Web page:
—I think I saw it with some other orphans on the porch. It is not easy to walk over this uneven ground. I will carry you to the porch. Hold your shoe.

She seemed lighter than before; still he walked as rapidly as he could.  When they arrived in the circle of light around the stables, Jack, who was bigger and stronger, took her from him.

—Where is my husband? she asked, struggling with her shoes.
—What is your name? asked Jack.
—Darcy Eastland.  My husband is Henry Eastland. People call me Dar. We farm in Jefferson County, twelve miles south of here.

In the porch light, the two brothers could see her tear-smeared make-up. She sat alert like a deer that had heard a twig snap. She was the paragon of the skinny, neurotic farm woman who dreamt of life in a gentrified urban setting.

—Your husband is in the kitchen helping pack the glasses for the caterer, said Nick walking onto the porch with a bottle of wine.
—Oh my god, if he knew what happened.
—What happened? asked Jack.
—I don’t remember, but there was, like, this man with an apple.
The three brothers looked at her in anticipation.
—And …? asked Jack.
—I think he raped me.
—Naw, said Nick, we would have heard something.
—I can’t drink champagne and I was very drunk. Oh my god, like, it was awful. I couldn’t scream. As sure as Jesus died on the cross, I felt something enter me.
—Are you sure? Or are you imagining things?
—Oh—My—God, why am I talking to men? I need a woman who understands. I, you know…actually…I remember a horse mounting me.  Oh-my-god, it was powerful.
—That’s ridiculous, Darcy, said Nick. All the horses are mares.
—Darcy, enough with the histrionics, said Henry Eastland drying his hands on a dishtowel. Past time to take you home.
—Henry, save me.
—I already have, my pet, said Henry taking her hand.


David sat on the porch with his two brothers who were sharing a joint. They watched the geese migrating across the full moon.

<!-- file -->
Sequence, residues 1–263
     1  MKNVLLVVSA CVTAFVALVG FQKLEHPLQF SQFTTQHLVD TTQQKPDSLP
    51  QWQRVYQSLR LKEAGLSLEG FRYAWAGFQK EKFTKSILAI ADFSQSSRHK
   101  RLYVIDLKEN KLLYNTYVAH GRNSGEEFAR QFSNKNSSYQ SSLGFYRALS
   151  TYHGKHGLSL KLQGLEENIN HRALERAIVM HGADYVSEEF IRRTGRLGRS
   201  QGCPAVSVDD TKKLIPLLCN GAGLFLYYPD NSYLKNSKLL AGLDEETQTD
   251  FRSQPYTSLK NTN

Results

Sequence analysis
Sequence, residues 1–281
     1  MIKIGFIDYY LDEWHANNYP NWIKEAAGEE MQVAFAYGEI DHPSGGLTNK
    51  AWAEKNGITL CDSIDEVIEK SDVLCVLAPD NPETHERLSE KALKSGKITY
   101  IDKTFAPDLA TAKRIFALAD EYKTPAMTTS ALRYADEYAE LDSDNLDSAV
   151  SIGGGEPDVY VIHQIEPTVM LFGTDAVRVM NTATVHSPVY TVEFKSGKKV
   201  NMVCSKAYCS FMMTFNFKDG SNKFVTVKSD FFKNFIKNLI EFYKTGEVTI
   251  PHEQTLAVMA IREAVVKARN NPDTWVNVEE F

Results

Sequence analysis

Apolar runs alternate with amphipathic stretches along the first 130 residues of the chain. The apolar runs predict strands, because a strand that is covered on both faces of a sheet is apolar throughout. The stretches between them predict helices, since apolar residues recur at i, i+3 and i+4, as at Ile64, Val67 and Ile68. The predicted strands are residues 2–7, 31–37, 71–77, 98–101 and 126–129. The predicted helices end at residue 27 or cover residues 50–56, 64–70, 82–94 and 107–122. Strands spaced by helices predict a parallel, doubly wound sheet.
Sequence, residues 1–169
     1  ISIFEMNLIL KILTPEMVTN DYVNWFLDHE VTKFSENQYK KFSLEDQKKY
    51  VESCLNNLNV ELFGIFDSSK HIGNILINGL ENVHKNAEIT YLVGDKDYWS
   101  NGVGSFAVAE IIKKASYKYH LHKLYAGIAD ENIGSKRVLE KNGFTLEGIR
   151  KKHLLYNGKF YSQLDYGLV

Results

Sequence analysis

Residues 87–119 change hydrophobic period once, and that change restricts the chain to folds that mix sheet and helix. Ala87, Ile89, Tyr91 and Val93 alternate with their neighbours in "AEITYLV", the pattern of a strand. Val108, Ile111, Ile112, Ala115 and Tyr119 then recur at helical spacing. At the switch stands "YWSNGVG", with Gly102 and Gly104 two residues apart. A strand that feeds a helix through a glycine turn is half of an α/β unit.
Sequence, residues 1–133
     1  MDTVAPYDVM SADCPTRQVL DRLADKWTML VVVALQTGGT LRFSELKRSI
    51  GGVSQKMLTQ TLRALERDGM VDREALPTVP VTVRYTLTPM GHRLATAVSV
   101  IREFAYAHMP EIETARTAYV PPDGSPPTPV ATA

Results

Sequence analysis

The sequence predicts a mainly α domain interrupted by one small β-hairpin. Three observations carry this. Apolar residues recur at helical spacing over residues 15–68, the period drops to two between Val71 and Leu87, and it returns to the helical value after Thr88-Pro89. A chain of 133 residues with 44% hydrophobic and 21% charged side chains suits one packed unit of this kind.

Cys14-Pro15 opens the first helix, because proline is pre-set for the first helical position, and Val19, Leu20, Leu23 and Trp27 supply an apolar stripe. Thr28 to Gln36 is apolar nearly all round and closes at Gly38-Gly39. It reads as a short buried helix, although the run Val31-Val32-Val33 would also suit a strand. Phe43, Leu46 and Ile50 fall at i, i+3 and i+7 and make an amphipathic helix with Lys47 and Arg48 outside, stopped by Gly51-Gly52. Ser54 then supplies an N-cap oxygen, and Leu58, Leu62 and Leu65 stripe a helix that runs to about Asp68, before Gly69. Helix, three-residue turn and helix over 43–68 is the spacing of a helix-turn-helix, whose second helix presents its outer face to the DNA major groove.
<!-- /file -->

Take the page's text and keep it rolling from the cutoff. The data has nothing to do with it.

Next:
—That Darcy is one crazy woman, said Jack.
—Tell me about it, said Nick. That woman’s got an active imagination. Fucked by a mare. Come on. Gimme a break.

As he listened to their banter, a confusion of memories enveloped him. The film loop would alternate between double speed and slow motion.

They could hear the roar of a pick-up truck coming up the county road.

—Somebody’s in a big hurry, said Nick. They must have forgotten something.

The truck turned into the long driveway to the ranch house. It was Henry Eastland’s pickup truck. He was moving fast. He drove up to the porch. From the gun rack on the rear window, Eastland grabbed a rifle and jumped from the cab.

—That son of a bitch there raped my wife, he said, pointing the gun at David his face flushed with a vengeance.
—Hold on there, Eastland, said Nick. Let’s not be judge, jury, and executioner.
—Eastland, give me the rifle and sit down, said Jack standing and pushing the barrel of the rifle toward the yard. We’ll call the sheriff, if that what’s required, but don’t do something stupid.
—Give me the rifle, Henry, said Nick.

Eastland reluctantly gave the rifle to Nick, who emptied the chamber and the magazine. He put the bullets on the side table that held the lone lamp.

—I’m trying to figure out what happened, said David.
—I think you know what happened, said Eastland.
—Here sit down Henry, said Jack. Have a toke.
Eastland refused the joint and glared at David.
—So, help me god, you are going to pay for this, said Jack.
—Eastland, he said, I couldn’t possibly have raped your wife. I’ve been in chemo off and on for three months. A sack of Viagra couldn’t get my pecker up.

The two brothers stared at him.
—Chemo for what? asked Jack.
—Prostate cancer, grade four, he said.
—Jesus, said Nick, why didn’t you tell us?
—So, that’s why you’re not drinking and shaved your head, said Jack
—Yes, said David, and I didn’t want to dump my morbid problem on a happy occasion.
—So, just what the hell did you do to my wife? said Eastland rising out of his chair and threatening David with his fists.
—Easy Eastland, said Jack standing and nudging him back to his chair.

David told them about seeing Darcy run into the woods. He told them about her vomiting and her missing panties and shoe. How he helped her to a chair in the horse pasture and gave her water and towels to wipe her face.

—That agrees with what Darcy says, said Eastland. Then what did happen to my wife? Her privates are rubbed raw.
—She was very upset when she ran past me on the way to the woods, he said. Something must have happened earlier. She was crying and throwing up at the same time.
—When was this? asked Eastland.
—There was still light in the sky, said David, probably just after sunset, around seven.
—Eastland, did you see Darcy at dinner? We served dinner at six, asked Nick.
—We didn’t eat together. I ate with the Forest brothers. I’m trying to contract them to harvest my soybeans in a couple of weeks.